Oxidative Modifications

Analysis of protein-associated carbonyls Consistent with the ''free radical theory'' of aging, many tissues show an age-dependent increase of the steady-state concentrations of oxidized proteins. So far most reports on the accumulation of oxidized proteins have analyzed ''protein-associated carbonyls.'' The term ''protein-associated carbonyl'' classifies a carbonyl-containing covalent protein modification, which results either from the direct chemical transformation of an amino acid residue into a carbonyl product or from the covalent attachment of a carbonyl-containing molecule (e.g., 4-hydroxynonenal, 4-HNE) (Berlett and Stadtman, 1997). The most frequently used analytical method for the detection of protein-associated carbonyls is deri-vatization with 2,4-dinitrophenylhydrazine (Scheme 1, as shown in Figure 9.3), followed by UV spectroscopy or Western blot detection with anti-2,4-dinitrophenyl antibodies (Shacter et al., 1994).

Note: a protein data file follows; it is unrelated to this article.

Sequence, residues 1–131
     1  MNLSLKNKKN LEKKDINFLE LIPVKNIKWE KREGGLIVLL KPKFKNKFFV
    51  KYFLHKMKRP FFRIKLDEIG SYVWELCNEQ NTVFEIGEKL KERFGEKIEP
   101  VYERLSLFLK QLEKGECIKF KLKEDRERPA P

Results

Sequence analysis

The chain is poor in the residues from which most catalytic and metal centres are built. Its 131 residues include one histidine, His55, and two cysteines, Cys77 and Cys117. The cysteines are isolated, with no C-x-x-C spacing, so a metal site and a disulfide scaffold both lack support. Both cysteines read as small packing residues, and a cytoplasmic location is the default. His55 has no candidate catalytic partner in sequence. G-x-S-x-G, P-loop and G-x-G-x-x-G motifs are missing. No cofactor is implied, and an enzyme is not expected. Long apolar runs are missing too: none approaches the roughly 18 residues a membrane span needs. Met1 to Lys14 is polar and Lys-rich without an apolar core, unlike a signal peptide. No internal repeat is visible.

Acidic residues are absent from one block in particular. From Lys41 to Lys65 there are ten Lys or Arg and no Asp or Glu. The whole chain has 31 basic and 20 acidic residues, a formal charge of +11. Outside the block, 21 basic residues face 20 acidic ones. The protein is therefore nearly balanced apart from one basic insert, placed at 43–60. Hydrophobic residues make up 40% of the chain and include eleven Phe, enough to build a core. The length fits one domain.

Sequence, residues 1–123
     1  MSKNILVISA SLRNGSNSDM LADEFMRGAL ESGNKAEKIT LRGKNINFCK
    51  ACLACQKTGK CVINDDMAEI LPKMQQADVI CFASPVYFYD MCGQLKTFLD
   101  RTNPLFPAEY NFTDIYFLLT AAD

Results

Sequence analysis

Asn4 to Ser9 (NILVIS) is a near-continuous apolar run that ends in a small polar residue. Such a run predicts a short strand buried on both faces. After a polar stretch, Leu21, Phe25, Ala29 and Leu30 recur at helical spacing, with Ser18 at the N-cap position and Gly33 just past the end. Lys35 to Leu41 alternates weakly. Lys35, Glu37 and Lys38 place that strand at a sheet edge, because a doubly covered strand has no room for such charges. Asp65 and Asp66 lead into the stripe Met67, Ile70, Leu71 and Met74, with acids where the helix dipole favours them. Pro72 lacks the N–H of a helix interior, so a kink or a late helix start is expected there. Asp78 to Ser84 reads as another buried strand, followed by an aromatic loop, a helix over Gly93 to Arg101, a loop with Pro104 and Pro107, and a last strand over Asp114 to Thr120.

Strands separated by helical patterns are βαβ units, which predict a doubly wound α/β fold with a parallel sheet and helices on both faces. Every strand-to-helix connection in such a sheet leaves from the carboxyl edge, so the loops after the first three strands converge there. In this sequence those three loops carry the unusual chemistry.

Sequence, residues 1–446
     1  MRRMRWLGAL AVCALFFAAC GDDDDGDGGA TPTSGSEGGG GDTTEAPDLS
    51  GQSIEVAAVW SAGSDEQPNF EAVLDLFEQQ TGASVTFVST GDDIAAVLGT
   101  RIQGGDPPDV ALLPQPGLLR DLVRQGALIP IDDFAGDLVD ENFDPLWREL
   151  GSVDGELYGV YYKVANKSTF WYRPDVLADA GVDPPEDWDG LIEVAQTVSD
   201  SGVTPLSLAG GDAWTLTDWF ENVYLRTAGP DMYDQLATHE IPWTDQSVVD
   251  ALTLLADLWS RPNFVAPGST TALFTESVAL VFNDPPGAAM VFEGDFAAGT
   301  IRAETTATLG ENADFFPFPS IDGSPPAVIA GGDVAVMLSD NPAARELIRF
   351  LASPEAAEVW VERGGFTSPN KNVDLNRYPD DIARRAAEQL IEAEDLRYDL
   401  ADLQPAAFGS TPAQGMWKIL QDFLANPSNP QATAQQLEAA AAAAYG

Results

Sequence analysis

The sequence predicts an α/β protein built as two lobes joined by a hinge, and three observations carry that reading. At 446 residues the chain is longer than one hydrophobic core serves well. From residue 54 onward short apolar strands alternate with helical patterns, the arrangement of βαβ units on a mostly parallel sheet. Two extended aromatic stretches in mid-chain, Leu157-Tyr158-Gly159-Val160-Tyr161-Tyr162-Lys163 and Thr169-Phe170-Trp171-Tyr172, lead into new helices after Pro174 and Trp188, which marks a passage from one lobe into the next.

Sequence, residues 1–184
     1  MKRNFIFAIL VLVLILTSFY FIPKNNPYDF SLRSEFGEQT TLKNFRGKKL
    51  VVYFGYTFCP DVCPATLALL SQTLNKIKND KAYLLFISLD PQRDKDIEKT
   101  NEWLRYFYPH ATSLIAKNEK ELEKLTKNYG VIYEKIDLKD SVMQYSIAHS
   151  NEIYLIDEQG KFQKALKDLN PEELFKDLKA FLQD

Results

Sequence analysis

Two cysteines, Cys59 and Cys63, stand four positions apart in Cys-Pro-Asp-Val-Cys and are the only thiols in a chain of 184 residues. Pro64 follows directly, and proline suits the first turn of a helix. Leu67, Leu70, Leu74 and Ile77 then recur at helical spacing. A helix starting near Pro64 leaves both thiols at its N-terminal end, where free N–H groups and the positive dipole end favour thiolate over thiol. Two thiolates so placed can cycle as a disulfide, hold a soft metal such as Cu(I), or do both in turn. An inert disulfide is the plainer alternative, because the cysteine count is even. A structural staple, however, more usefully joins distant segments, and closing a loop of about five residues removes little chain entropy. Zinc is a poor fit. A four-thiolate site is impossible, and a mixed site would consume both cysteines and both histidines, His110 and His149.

The specificity of these antibodies was evaluated through specific reaction with DNP conjugated to proteins (Eshhar et al., 1980; Shacter et al., 1994), and 1 pmol was reported as a lower limit of detection of protein-associated carbonyls (Shacter et al., 1994). A comparable detection limit (0.64 pmol) was recently achieved with a slight modification of the methodology, using biotin-hydrazide labeling of the carbonyls followed by staining with fluorescein isothiocyanate (FITC)-labeled avidin (Yoo and Regnier, 2004). A number of studies have used stationary phase bacterial cells as a model for aging somatic cells of higher eukaryotic organisms in order to delineate the routes leading to the accumulation of




Blood Pressure Health

Blood Pressure Health

Your heart pumps blood throughout your body using a network of tubing called arteries and capillaries which return the blood back to your heart via your veins. Blood pressure is the force of the blood pushing against the walls of your arteries as your heart beats.Learn more...

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